Understanding emotions- Fear and Anxiety

What are fear and anxiety?

Emotions can be small and subtle, or large and powerful. Fear and anxiety are two of the most powerful emotions. They can have a huge effect on our mind and body, and often act as dangers signals – letting us know that something, or someone, is a threat to us or the people we love. The source of these feelings could be a dangerous person, animal, situation, or disease.

If the danger is immediately present, we call our response to it fear; if the danger is potential, or in the future, we call it anxiety. Emotion, at its core, is an adaptive system that has evolved to help us survive and flourish. Emotions are connected to our most essential needs, for example fear and anxiety can help us to achieve our need for safety when we are in a dangerous situation.

If we listen to the signals, and pay attention to them, fear and anxiety can resolve in a short time. However, if we don’t deal with them appropriately, they can persist for much longer – even after the danger has passed.

Common thoughts which can occur when we overestimate or exaggerate a threat (or underestimate and minimise our ability to cope) might sound like:

· I'm in danger right now

· The worst possible scenario is going to happen

· I won't be able to cope with it

As a result of these thoughts, we may then begin to avoid certain people or places.

How to deal with fear and anxiety?

1. Identify your triggers

Are there times or places which are most likely to cause fear or anxiety? Noticing these patterns can be the first step to taking action and approaching situations differently. Think about times when you have felt fear or anxiety, and consider whether they had any of the following in common:

· The location

· The people who were present (or absent)

· The sights and sounds surrounding you

· Whether you had been in a similar situation before

· Whether you had been worrying about the situation in advance

· Whether you felt trapped in the situation

2. Try doing things differently

If you have identified certain situations as being likely to trigger fear or anxiety (such as being somewhere crowded or having to give a presentation) think about how you could do things differently next time. Avoiding these situations may feel helpful in the short-term, but can lead to the level of fear or anxiety building over time.

The next time you are faced with a fear or anxiety-provoking situation, try to make a plan in advance of how you will deal with it. This could include learning some breathing techniques, or practicing positive self-talk to coach yourself through it. Try to challenge any unhelpful thought patterns and remind yourself that these difficult feelings cannot hurt you, and that they will pass.

How can I help myself?

· Take time out: it's impossible to think clearly when you're flooded with fear or anxiety, so the first thing to do is take some time to physically calm down. Try to distract yourself from the source of your worry for 15 minutes by going for a walk, cycling, or doing some gardening or housework.

· Breathing exercise: to help calm yourself, breathe in through your nose for 3 seconds, hold for 3 seconds and then breathe out through the mouth for 3 seconds. You will get the most benefit if you do this exercise regularly, as part of your daily routine.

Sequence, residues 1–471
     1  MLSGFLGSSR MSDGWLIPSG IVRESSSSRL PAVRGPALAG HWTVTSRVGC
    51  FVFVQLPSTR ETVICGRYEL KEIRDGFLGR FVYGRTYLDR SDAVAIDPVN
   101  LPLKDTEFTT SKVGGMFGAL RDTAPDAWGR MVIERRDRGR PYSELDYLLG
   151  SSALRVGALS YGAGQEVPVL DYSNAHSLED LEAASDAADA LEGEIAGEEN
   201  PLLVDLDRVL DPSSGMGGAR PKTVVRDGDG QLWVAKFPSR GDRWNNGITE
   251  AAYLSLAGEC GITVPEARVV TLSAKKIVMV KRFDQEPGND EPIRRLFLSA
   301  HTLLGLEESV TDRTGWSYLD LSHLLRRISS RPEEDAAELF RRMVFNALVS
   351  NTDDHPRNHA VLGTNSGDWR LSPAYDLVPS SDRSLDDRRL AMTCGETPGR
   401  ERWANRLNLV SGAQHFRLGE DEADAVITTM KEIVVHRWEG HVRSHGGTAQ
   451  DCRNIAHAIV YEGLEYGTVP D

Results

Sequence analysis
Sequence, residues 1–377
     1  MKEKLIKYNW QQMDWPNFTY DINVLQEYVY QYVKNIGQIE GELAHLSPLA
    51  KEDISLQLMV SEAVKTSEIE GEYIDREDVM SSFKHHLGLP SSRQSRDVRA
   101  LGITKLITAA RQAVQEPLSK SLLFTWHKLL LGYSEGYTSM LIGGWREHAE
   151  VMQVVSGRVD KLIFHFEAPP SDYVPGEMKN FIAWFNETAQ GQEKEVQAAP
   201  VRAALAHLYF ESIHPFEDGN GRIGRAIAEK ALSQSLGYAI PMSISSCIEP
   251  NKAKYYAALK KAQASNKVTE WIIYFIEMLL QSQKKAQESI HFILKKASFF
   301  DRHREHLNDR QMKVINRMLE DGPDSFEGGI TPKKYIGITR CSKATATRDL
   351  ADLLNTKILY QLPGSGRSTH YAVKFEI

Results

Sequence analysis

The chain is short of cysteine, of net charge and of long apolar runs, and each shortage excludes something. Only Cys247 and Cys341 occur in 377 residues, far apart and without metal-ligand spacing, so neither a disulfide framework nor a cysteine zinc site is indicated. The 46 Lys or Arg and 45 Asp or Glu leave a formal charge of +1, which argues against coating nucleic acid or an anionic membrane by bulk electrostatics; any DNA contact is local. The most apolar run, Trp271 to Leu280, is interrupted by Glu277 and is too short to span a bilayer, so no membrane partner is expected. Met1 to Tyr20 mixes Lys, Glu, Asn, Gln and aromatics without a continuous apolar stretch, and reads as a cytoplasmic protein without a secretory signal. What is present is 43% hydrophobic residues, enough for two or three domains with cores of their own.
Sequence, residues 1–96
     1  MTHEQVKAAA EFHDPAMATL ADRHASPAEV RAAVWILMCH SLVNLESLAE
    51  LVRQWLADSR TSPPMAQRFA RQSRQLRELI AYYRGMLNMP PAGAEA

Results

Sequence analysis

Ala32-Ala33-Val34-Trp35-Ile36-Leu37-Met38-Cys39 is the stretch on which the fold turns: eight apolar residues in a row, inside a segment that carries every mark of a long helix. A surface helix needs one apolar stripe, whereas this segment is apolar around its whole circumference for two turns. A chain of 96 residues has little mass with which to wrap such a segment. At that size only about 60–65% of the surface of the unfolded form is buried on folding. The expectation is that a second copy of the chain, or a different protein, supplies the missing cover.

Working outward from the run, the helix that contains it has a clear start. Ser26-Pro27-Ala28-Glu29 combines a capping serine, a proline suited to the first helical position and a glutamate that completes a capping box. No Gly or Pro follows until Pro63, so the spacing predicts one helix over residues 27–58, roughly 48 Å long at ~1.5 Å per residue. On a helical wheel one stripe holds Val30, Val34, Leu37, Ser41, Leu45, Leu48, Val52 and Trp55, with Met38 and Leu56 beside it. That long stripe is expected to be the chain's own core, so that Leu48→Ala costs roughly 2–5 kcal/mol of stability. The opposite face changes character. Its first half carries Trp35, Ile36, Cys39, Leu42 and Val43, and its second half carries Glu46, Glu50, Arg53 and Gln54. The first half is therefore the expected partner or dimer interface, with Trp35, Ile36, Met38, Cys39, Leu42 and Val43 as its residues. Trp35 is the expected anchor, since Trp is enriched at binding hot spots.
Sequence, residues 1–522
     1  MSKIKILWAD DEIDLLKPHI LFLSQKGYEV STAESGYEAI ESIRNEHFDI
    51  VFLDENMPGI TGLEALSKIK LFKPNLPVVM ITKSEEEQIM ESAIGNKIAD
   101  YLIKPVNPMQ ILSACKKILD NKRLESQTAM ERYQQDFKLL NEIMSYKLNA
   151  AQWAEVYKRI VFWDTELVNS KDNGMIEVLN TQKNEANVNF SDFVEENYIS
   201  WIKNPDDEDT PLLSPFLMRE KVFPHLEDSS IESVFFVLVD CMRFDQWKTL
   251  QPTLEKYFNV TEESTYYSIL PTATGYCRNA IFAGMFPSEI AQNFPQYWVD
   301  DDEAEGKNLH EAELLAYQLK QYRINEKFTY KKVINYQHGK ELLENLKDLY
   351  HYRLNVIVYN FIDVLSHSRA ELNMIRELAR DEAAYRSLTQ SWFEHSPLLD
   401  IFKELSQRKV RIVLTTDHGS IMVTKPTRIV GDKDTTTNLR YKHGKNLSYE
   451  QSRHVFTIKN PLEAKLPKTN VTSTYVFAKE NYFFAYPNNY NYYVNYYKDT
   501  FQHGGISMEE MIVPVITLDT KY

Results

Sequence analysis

· Face your fears: avoiding fears only makes them stronger. If you always avoid situations that scare you, you might stop doing the things that you want or need to achieve. You will also miss out on the chance to see whether the situation was really as bad as you thought. Face your fears and ask yourself “what is the worst thing that could happen?”. Then try to challenge this thinking – how likely is it that the worst-case scenario will actually occur? What is the evidence that things will go badly? Sometimes we assume the worst, when the reality is really not that bad.

· Remember no one is perfect: learn to accept that life is full of ups and downs, and that we all feel fear and anxiety at times. This is perfectly normal and is just part of being human.

· Connect with yourself: try to learn more about your fears and anxieties. By understanding our emotions better, including their triggers, we are better able to work on ways of coping with them. Keep a fear and anxiety journal to note down when these feelings arise, and how you react to them.

· Talk about it: sharing fears or anxious thoughts can make them quieter and less scary. If you cannot talk to a partner, friend, or family member, you could call a helpline such as Samaritans on 116 123.

· Self-care: it sounds simple, but it is really important. Take care of yourself by eating healthily, sleeping well, and getting exercise… and acknowledge to yourself that you are doing a great job.

Traps to avoid:

· do not try to do everything at once – set small targets that you can easily achieve

· do not focus on the things you cannot change – focus your time and energy into helping yourself feel better

· do not avoid situations that make you anxious – try slowly building up time spent in worrying situations to gradually reduce anxiety

· try not to tell yourself that you're alone; most people experience anxiety or fear at some point in their life

· try not to use alcohol, cigarettes, gambling, or drugs to relieve anxiety as these can all contribute to poor mental health

If things are getting difficult for you, talking therapies are very effective for people with fear and anxiety problems. You are not alone.

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